“In middle school, we had a Girl Talk and it was run by our principal. The whole idea behind it was to bring females together in a positive environment. A lot of people assume that when girls get together they just gossip and that was disheartening for me to hear. I decided to bring [the club] to high school and mature it a bit. In the NC Girl Talk, we would discuss topics that dealt with personal and situational issues. We focused a lot on social issues, for example sexism, and how we could be strong leaders for other girls. [Body image and self-love] was a big topic for us. Especially in high school, a lot of teenage girls go through different changes and hardships and if they don’t have the right support or they don’t talk about it, it’s detrimental,” Magnet junior and founder of the Girl Talk club at NC, Livia Epnett said.
Culturally, especially in America, people build on failure and dissatisfaction. However, destroying body image and physical confidence marks the point where the hate halts being productive and begins to inhibit one’s ability to grow into a happier person.
Junior, Isabella Markham recounts a long history with self-love, and a slow and gradual journey to self-acceptance. She recognizes a society that breeds self-dissatisfaction, and experienced it herself.
“I remember in second grade I would look at other girls and I was taller than them and I thought, ‘no boy is going to like me, I’m tall’ and that translated into weight for me as I got older. In fifth grade I would go on these diets with my mom because my mom was always trying to lose weight, which is a normal thing in society, and it shouldn’t be, that ‘smaller is better’,” Markham said.
Markham demonstrates a patience and unbound comfortability with herself that captures the essence of self-love. On the surface level, hard to see her as anyone else, it surprises some to know she fought her own battles, as an abundance of people have done and continue to do. In her sophomore year of high school, Markham began a gradual obsession with body image and food. She chose to harshly regulate her eating habits in order to achieve a standard of beauty that is constantly encouraged by others and in the media.
“… I felt really lost. I felt like the only thing I could control was myself and how I looked. I started to not eat,” Markham said.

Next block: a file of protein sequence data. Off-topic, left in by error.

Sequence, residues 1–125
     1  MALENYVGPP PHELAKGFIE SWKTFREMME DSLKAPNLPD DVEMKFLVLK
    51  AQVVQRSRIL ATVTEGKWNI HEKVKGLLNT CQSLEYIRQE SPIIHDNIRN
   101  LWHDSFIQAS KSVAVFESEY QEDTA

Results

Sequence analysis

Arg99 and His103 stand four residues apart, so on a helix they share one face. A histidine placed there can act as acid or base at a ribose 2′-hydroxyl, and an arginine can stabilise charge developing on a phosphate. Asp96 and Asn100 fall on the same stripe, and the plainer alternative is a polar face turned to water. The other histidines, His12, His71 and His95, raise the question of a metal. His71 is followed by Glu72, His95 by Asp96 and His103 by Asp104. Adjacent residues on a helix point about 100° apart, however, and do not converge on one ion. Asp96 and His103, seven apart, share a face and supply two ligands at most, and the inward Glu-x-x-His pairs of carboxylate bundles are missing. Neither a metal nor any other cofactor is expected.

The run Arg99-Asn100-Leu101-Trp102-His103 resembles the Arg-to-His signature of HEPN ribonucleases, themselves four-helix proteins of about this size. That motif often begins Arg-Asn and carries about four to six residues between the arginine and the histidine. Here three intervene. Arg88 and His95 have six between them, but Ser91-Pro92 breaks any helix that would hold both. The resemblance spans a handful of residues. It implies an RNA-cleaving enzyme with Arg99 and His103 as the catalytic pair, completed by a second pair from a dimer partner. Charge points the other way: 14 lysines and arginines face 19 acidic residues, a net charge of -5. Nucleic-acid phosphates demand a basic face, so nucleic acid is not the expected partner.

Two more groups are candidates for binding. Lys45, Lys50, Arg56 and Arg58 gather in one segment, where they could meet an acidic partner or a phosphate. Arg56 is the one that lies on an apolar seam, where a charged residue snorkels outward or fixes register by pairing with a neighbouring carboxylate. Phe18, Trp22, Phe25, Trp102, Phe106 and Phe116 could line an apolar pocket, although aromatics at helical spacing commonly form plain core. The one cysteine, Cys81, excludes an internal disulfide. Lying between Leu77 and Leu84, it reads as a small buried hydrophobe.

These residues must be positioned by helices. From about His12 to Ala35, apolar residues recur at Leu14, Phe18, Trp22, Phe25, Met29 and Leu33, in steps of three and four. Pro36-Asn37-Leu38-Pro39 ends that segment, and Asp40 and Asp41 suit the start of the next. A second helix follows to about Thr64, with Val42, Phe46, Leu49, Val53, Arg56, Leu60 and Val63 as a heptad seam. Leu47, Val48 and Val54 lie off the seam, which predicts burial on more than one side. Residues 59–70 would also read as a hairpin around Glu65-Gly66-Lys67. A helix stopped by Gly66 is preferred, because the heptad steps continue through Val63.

A combination of external factors and introspection led her to self-acceptance. A journey littered with obstacles and internal struggles, but well worth it.
“I started following a bunch of body positivity accounts on Instagram and they help so much. When I’m having a bad day I just go online and I see all these people with all different bodies who are saying ‘yes this is who I am and society can’t tell me otherwise’,” Markham said.
Body positivity accounts on social media continue to gain more and more traction as self-love becomes increasingly celebrated in society. Accounts like @bodyposipanda and @effyourbeautystandards on Instagram share their own and others’ stories of self-acceptance and happiness in their own skin.
“Growing up in society, [girls are] always taught to be bashful. It’s sweet and cute to say ‘Oh no, I’m not beautiful’ but the baseline of that reaction is to get someone to say ‘No, you are beautiful’. It’s to get that recognition and validation that they long for because they do not see it in themselves,” Markham said.
Misconstrued and distorted, the concept of self-love receives a twisted definition. Those who vocally participate in self-love often find themselves unfairly accused of egotism and cockiness due to odd societal norms. At any age, in any body, people struggle to fully accept and love themselves. Achieving self-satisfaction takes patience, willfulness and acceptance at all stages. For each, the journey presents itself differently. For all, it remains ongoing. Complete satisfaction exists evasively. Insecurities breed unhappiness and jealousy and push people into a never ending cycle. To step out of it, one needs not to learn how to make a concrete distinction between self-love and ego. It simply should not matter. One must only remain comfortable with themselves, accept themselves, and allow others to live as they may.
“[Self-love is] acceptance. It’s not always the glamorous, ‘I look in the mirror and I love myself every single day’, it’s the fact that I can accept myself as I am, no matter where I’m at,” Markham said.